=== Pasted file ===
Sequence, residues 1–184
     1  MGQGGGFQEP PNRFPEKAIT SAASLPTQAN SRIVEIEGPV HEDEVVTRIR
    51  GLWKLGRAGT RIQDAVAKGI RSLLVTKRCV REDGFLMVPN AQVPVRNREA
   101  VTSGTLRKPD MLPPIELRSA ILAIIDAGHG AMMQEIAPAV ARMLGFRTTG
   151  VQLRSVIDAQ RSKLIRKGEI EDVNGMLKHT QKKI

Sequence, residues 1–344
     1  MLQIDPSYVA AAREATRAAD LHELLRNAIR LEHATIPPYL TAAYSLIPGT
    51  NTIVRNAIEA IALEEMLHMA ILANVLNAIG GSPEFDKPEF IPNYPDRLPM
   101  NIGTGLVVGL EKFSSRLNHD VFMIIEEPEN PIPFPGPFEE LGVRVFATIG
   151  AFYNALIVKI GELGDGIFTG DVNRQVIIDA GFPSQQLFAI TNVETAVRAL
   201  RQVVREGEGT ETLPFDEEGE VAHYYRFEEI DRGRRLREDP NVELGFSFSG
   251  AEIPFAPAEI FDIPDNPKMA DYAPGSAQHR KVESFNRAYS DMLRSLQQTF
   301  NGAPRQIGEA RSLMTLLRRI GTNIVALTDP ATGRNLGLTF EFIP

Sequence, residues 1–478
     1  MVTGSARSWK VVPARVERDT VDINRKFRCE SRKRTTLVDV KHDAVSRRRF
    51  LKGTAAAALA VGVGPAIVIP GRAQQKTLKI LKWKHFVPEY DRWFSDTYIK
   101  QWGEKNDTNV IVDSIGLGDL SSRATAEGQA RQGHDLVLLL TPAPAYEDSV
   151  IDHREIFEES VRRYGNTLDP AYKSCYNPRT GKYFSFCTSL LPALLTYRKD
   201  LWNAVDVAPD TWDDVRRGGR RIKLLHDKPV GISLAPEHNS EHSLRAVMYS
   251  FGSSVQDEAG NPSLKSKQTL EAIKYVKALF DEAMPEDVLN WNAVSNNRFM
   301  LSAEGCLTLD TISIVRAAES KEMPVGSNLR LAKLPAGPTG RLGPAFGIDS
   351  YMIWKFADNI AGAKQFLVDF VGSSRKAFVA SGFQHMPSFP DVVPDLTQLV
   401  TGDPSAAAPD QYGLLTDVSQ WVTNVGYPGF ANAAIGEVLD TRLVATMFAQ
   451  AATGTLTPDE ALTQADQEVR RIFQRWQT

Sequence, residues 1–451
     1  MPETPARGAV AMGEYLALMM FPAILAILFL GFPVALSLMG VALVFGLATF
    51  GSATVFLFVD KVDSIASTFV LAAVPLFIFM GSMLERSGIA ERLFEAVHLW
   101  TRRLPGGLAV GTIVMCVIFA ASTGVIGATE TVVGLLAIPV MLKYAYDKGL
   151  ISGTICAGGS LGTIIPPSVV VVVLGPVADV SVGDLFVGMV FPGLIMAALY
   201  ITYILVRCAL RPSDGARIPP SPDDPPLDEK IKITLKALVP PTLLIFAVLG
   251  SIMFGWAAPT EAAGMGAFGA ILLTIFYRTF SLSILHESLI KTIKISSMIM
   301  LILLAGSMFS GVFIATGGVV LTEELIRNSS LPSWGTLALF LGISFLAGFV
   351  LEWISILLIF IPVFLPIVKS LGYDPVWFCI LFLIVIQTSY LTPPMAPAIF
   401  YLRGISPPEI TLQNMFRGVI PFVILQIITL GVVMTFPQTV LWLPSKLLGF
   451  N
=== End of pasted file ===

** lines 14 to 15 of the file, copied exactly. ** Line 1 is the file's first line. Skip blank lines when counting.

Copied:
Sequence, residues 1–478
     1  MVTGSARSWK VVPARVERDT VDINRKFRCE SRKRTTLVDV KHDAVSRRRF